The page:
What factors contribute to make a good leader and how might your style of leadership vary to be successful when involved in individual, team and racket activities? It is no coincidence that the teams and individuals chasing sports most prestigious prizes are led by men and women of genuine inspiration. The value of such captains and leaders cannot be underestimated whether they be a firebrand with a laser tongue and a short fuse such as Roy Keane at Manchester United or a man of few words but shimmering example such as Arsenal’s Patrick Vieira.
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The key is respect. Invariably a skipper commanding such a quality is the first name on the team sheet precisely because he is the link between the management and the team. The skipper (leader) is the manager’s eyes and ears. He is the closest to the heartbeat of the team and the inner thoughts of the manager, which is why it so often appears that a manager and his captain have been carved from the same mould. They simply have to operate on the same wavelength.
So the vocal, abrasive style of Keane perfectly mirrors the feisty, no-nonsense personality of Sir Alex Ferguson while the quieter, lead-by-example character of Vieira reflects the more intellectual approach of Arsenal’s Arsene Wenger. One thing, however, is imperative. The captain has to be virtually irreplaceable. He has to be the main man, sure of his place in the side or team, secure in the knowledge that his work-rate, his commitment and his talent cannot be questioned.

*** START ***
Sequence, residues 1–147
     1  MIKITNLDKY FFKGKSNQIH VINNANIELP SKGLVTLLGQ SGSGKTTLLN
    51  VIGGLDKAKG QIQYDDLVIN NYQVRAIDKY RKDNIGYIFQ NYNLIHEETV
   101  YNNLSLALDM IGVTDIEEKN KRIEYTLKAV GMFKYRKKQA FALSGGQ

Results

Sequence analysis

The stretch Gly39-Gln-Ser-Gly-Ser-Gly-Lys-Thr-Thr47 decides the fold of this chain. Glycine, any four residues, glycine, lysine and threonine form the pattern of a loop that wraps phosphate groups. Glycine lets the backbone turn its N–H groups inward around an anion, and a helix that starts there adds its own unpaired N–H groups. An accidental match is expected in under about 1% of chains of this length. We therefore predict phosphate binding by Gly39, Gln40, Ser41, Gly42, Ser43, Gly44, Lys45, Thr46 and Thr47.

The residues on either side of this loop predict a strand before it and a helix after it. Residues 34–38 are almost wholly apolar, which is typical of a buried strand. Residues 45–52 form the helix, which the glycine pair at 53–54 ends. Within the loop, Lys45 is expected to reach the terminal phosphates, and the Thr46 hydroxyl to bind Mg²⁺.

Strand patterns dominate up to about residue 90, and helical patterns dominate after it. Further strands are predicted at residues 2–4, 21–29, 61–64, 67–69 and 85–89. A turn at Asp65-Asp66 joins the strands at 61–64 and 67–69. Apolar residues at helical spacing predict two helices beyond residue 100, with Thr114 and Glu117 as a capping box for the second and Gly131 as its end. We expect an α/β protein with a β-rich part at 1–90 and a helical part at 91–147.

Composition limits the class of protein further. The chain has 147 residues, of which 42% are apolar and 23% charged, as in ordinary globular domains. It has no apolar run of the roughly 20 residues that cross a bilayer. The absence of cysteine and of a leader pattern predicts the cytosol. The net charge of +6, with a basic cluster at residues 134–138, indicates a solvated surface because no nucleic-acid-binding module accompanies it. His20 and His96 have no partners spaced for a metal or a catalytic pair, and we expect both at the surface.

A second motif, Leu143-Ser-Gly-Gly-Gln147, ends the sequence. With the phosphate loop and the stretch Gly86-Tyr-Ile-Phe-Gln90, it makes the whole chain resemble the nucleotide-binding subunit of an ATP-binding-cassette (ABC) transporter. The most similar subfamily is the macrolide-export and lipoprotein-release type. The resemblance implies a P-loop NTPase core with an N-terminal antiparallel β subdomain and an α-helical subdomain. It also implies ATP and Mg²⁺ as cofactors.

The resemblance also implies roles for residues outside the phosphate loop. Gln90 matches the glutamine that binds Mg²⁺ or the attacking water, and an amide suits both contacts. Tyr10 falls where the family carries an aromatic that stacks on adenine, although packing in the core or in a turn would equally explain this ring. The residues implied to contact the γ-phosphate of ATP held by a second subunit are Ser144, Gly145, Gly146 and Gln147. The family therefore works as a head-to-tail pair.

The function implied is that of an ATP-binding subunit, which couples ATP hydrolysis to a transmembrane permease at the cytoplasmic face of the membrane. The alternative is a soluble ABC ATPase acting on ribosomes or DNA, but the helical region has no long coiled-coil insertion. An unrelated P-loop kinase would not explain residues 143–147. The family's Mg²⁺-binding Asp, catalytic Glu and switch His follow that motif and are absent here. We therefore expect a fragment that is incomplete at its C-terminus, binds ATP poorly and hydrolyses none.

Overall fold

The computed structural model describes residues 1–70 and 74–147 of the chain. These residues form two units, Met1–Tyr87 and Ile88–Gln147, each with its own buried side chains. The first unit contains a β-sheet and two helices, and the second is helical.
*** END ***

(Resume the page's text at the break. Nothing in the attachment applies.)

It is certainly the only way a captain whose preferred method is to dish out roasting’s on the pitch on a regular basis can retain his authority. Footballers are quick to see the chink in any team-mate’s game or any dip in his standard and a captain’s words would bounce back at double speed if he let his own game drop in quality. It is a delicate, often psychologically fraught, balance. It’s good for a captain to be a hard man, to retain high standards and to possess an iron will – but he must not rule by fear, a commodity which can ruin a player’s form and confidence with frightening speed.
However, most athletes respond much better to an arm around the shoulder than to a unnecessary hurl of criticism. Young athletes and players especially look to the captain to sort out the problems on the pitch, to iron out the numerous spats and guide them through a match or game which might not be going quite to the plan envisaged in the changing room. In football, for example, it is much easier to do both these from midfield than any other position on the pitch, which is why so many top skippers seem to occupy that controlling position.
This is much like tennis in the Davis Cup in tennis where the coaches are sat right next to the players at the changes of ends. You often see Andrew Lloyd giving a word of advice and encouragement to Tim Henman when playing. In athletics, however, the coach can only act as a leader for so long and when it comes to the crunch and pressure of the race its self its all down to the athlete, unlike in football and tennis where help and encouragement is given throughout by the prescribed leaders.